After seeing Karen like this for several months, her family finally came to the conclusion that she was beyond hope, and decided to remove her from the ventilator. Hospital officials refused. They were probably wary of a recent, well-publicised case where a doctor, Kenneth Edelin had been charged with manslaughter for performing a late-term abortion. Manslaughter is a legal term for the killing of a human being in a manner considered by law as less culpable than Murder. Late-term abortions are Abortions which are performed during a later stage of Pregnancy. The boundaries of the "right to life" was a topical issue and the hospital's lawyers did not want to risk a legal quagmire. Right to life is a phrase that describes the belief that a Human being has an essential Right to live particularly that a human being has the right not to be
The Quinlan family persevered, and in 1976 they took their case to the New Jersey Supreme Court, which ruled in their favor. Year 1976 ( MCMLXXVI) was a Leap year starting on Thursday (link will display full calendar of the Gregorian calendar. Note! Article is BELOW this infobox scroll down --> The New Jersey Supreme Court is the highest court in the U When she was taken off the respirator, Quinlan surprised many by continuing to breathe unaided, and was fed by artificial nutrition for nine more years.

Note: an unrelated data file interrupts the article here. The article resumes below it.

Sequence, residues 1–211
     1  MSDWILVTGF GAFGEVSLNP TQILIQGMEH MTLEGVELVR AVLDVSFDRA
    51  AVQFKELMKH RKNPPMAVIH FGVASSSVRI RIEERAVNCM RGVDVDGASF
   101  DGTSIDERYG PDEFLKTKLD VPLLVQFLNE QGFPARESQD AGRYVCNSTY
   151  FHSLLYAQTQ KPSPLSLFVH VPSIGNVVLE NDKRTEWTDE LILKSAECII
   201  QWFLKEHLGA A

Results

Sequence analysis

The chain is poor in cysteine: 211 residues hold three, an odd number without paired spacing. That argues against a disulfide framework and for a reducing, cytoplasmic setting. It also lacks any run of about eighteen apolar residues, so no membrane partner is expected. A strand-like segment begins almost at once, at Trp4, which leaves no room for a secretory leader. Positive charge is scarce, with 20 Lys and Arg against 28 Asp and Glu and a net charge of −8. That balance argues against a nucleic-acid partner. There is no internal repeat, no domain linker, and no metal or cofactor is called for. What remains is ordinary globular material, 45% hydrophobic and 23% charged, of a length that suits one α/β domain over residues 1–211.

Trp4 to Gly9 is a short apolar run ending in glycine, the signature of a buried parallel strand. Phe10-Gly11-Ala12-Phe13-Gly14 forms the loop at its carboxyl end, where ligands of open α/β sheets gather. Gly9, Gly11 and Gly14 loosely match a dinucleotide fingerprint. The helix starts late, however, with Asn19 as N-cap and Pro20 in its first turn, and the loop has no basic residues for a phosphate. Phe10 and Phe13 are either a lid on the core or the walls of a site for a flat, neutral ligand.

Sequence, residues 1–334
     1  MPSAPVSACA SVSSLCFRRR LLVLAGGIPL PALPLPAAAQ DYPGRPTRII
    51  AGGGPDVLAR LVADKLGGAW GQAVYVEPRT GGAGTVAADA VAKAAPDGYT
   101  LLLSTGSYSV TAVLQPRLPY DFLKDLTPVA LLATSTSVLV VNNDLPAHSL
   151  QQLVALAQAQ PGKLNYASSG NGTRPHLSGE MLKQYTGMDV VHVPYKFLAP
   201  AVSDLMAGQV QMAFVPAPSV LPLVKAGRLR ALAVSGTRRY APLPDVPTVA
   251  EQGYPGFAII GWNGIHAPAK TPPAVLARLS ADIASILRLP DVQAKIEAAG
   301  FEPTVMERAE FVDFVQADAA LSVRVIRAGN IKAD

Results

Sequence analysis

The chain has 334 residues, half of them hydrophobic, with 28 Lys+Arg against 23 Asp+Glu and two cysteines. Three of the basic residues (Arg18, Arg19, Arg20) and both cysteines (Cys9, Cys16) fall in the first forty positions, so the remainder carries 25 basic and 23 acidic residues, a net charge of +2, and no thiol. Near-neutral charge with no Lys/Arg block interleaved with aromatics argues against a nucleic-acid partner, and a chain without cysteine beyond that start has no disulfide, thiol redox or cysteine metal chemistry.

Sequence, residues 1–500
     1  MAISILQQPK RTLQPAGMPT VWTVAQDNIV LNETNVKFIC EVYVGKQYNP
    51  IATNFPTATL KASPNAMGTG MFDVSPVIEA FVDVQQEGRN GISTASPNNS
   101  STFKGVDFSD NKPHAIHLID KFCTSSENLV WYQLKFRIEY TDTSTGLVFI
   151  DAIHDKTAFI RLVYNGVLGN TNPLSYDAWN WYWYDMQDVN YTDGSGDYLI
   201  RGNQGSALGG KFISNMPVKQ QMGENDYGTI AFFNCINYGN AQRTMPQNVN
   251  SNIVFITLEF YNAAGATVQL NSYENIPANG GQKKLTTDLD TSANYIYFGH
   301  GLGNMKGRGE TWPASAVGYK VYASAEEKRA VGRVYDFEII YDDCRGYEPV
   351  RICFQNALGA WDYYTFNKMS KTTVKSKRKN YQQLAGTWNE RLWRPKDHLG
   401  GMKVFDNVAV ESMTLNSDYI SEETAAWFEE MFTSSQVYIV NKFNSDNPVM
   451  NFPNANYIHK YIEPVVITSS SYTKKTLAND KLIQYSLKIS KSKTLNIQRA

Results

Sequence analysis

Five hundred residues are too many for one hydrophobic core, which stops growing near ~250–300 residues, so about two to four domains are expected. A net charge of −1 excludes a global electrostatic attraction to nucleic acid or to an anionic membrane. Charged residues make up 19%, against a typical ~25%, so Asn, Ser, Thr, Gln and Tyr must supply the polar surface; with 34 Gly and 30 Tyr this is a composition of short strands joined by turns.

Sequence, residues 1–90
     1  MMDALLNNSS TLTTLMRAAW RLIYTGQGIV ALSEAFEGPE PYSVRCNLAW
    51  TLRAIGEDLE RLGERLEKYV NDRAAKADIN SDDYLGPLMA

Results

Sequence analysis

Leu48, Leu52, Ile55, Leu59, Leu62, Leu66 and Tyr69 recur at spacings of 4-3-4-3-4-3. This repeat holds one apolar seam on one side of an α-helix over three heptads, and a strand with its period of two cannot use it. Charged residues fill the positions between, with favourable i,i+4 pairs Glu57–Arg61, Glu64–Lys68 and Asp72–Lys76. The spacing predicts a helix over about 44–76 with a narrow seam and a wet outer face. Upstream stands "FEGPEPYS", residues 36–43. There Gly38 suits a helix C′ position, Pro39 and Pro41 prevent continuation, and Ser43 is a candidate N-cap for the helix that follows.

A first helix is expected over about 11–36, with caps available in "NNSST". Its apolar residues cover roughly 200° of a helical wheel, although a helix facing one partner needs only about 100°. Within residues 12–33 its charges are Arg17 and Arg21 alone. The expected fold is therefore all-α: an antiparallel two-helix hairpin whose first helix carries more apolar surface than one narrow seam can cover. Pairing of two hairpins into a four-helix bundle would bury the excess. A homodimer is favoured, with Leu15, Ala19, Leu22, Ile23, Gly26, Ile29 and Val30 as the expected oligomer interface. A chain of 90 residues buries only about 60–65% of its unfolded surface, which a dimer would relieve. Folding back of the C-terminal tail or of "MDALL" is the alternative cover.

She lived in a persistent vegetative state until her death from pneumonia in 1985. A persistent vegetative state (PVS is a condition of patients with severe Brain damage in whom Coma has progressed to a state of wakefulness without detectable Pneumonia is an inflammatory illness of the Lung. Frequently it is described as lung Parenchyma / alveolar inflammation and abnormal Year 1985 ( MCMLXXXV) was a Common year starting on Tuesday (link displays 1985 Gregorian calendar) Quinlan was buried at Gate of Heaven Cemetery in East Hanover, New Jersey. Gate of Heaven Cemetery is a Cemetery located in East Hanover, New Jersey, United States. East Hanover Township is a township in Morris County, New Jersey, United States.